Manufacturing and health care will lead industrial ‘internet of things’ growth

Race on for “Internet of Things” (IoT) networks

Of late many telecom providers has started implementing nationwide network dedicated to IOT. Following the suite of South Korea and New Zealand, players in Malaysia Atilze Digital SdnBhd and Telekom Malaysia Bhdare rolling out a similar nationwide network. These are LoRa based technology. LoRa is an open standard for low power wide area networks (LPWANs), which are created to connect low-power devices, such as sensors, over a wide area at lower prices.

New city-wide networks are being built for “Internet of Things” or IoT type applications.

IoT: First the hype, then the plumbing

There is much hype around the Internet of Things (the linking of machines and sensors to the Internet), but is it deserved? At its core, IoT is just the Internet, with things on it. But these things are different from the computers we are used to dealing with. In short, the IoT is the same but different.

n 1982, Carnegie Mellon University students Mike Kazar, David Nichols, John Zsarnay and Ivor Durham wired up a soda vending machine so that they could use the finger command-line utility to see the availability and “coldness” of the soda cans in each dispensing column remotely via the Internet (then known as ARPANET). This was quite possibly the first “thing on the Internet.” Since then, millions of devices have been happily created and connected to digital networks without fanfare or hype.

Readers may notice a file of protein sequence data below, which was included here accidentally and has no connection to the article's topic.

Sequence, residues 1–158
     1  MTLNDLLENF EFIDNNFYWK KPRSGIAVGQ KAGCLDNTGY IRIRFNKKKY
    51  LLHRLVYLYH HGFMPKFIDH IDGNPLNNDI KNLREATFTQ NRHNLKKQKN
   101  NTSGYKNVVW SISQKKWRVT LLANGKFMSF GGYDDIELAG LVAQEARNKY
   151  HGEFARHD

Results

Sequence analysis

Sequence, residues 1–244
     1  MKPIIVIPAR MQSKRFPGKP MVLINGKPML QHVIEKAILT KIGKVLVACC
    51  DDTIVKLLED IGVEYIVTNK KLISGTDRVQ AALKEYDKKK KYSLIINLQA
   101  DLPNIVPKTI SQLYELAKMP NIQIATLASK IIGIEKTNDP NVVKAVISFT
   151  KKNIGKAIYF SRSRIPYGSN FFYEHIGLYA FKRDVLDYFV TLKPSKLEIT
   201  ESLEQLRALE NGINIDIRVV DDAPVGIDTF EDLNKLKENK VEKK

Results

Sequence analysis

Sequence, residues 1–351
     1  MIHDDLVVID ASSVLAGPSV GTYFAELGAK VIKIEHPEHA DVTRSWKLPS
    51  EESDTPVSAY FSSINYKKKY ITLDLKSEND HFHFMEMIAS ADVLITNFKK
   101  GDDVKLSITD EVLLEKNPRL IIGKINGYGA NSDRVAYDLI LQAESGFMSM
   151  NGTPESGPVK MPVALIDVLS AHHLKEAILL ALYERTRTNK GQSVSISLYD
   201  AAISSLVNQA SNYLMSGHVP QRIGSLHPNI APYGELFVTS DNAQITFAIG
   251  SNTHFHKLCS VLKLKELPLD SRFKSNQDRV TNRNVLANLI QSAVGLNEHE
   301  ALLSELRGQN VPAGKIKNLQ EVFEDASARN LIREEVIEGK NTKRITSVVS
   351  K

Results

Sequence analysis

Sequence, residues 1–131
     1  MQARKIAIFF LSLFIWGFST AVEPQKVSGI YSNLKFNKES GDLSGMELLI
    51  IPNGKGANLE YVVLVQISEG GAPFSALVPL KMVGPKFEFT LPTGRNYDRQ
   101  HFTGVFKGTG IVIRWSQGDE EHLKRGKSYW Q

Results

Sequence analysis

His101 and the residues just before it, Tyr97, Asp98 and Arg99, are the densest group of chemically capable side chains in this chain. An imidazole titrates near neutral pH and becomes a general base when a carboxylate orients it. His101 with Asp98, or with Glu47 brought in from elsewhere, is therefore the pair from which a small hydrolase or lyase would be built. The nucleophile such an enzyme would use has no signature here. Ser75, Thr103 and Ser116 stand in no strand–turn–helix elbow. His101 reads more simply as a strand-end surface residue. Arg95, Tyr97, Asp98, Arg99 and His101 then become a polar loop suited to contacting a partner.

So why is the “Internet of Things” gaining attention now, given that it’s not a major technological breakthrough?

The IoT’s relevance today comes from the convergence of several trends:

Europe Moving to Industry 4.0

Over the past five years the European Union has made significant advances in additive manufacturing, 3D printing, M2M communications, and Internet of Things connectivity in industrial applications.

Germany is the driving force behind the industrial revolution that is reshaping the entire European manufacturing ecosystem.

What really makes Germany stand apart from other countries, however, is the way it gathered all players in its society to launch an industrial revolution for the 21st century. The country, led by the federal government under their Industries’ 4.0 initiative, has been forming public-private-partnerships, cross-enterprise co-ops and new training programs at several universities and technical schools.

Factories of the Future 2020

How IoT is Disrupting Manufacturing (and how you can benefit)

There are a lot of potential uses for IoT in manufacturing, but most of these opportunities fall into one of the following four categories: device connectivity and management, data management and insights, advanced analytics, and business productivity and process optimisation.